Strangely, I felt at home in Lima. The capital reminded me a lot of Manila. It mirrored the same chaotic public transport system, traffic and also the weather but amidst of these, I found it really interesting walking around the city. Alongside modern buildings stood churches and monuments which serve as remnants of its colonial past.
In Plaza de Armas, we went to see the Government Palace which is the residence and office of the President of Peru. The San Francisco Church can also be found near the plaza.
San Francisco Church is a baroque church that was built around the 16th century. The church houses several ancient texts that date back during the time the Spanish colonized Peru. In addition, the catacombs underneath the church are also worth a visit.
If you don’t understand Spanish, it is best to bring along a friend who can help translate what the tour guide mentions during the tour. Entrance fees are extremely affordable and will not cost you more than $10.
Another experience that I was looking forward to was trying Peruvian cuisine, I was craving for some anticucho and ceviche that I was basically bugging Ana for us to eat. Back in Melbourne, I was able to try anticucho, a Peruvian kebab, in a food festival and instantly fell in love with it.
Little did I know that the one they served in Melbourne might be a “toned down” version of anticucho. It turned out that anticucho was beef’s heart. Do not be fazed though as it is still very good but with a stronger taste. They are served with sauce made from garlic, vinegar, lemon juice and chopped cilantro. I haven’t tried them with beer but chicha morada, a drink made from purple corn, is a good accompaniment to it. Anticucherias are abundant in the city so it would not be hard to find them.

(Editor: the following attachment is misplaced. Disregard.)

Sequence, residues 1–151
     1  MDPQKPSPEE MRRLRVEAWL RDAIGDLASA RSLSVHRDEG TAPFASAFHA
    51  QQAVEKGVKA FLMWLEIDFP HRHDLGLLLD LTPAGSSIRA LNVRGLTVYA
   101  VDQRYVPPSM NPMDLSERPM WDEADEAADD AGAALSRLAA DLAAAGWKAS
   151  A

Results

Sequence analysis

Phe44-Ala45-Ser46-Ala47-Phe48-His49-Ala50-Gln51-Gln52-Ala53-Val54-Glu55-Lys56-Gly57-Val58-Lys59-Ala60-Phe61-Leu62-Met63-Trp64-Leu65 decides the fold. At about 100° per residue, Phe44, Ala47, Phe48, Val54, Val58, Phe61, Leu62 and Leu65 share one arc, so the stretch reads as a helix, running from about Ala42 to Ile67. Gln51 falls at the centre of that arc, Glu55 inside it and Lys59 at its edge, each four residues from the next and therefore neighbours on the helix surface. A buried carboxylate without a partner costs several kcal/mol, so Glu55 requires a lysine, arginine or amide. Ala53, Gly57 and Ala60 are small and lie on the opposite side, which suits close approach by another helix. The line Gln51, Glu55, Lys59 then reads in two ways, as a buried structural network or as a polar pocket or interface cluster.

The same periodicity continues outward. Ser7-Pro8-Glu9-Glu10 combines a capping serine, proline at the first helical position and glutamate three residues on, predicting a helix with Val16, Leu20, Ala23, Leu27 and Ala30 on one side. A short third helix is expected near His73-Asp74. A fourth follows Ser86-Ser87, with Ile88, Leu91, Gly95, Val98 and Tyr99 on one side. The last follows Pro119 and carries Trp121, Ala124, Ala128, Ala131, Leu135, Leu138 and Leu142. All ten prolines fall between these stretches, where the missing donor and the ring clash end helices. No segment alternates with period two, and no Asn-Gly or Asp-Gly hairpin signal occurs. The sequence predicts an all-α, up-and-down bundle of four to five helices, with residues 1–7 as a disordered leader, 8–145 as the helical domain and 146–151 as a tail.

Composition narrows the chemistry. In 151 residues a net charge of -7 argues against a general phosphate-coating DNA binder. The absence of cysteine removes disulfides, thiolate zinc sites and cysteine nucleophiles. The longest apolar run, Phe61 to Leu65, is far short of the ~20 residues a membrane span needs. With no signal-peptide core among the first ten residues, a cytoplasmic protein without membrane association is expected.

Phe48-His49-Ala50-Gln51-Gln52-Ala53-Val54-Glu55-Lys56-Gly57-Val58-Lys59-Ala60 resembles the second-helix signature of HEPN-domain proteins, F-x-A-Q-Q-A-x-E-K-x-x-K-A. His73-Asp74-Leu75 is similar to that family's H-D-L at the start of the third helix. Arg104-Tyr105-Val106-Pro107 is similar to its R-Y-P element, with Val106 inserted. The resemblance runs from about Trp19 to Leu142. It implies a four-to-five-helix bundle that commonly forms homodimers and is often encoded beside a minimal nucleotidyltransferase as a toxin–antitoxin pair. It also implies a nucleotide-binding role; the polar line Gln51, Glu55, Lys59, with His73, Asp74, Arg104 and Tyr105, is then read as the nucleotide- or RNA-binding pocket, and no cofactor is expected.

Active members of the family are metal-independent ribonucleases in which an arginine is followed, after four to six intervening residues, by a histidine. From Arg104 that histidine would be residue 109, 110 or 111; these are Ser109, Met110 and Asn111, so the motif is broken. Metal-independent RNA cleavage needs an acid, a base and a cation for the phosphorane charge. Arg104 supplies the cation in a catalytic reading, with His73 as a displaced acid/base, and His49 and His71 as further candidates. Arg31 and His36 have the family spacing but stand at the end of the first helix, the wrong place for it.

Anticucho was replaced as a favorite by Pollo ala brasa or Peruvian chicken. The chicken was so tasty and filling. Be warned though that an order is a huge portion of chicken served with heaps of fries, so prepare to be really full. That’s another thing to love in Peru, the food is really cheap but you will not be compromised with the taste and size of portions.
Another tip I learned from Ana is it is better to eat specific food in a place where it is the specialty, like anticucho in anticucherias or ceviche in cevicherias. I did not eat out much as I was only in Lima for a day and her sister was such an excellent cook that I did not really need to go out.
It is never a good idea to skip on the markets especially if you are in a foreign city. Before we head to Cusco, we dropped by a local market to see what Lima has to offer.
Indeed, the market was full of life. The sounds of vendors selling their wares in lively fashion and consumers bartering filled up the air while piles of fresh produce are lined up in different places in the market.
It was my first time to see several products such as the prickly pears and pepino that I kind of acted like a curious child. I even got scolded by one vendor for observing a pepino too much (maybe I scared their costumers). I also fell in love seeing these various Peruvian salsas: Aji Criollo (Peruvian yellow chili and oil) , Salsa de rocoto (made from rocoto peppers) , Salsa verde de cilantro, Salsa Ocopa ( Peruvian blackmint) and Aji amarillo.
A day is seriously a short time to see Lima. The city has so much to offer that I really felt bad to stay there for such a short time. I would have love to hunt for more cevicherias and learn how to commute there.
A second visit will be planned soon 🙂 .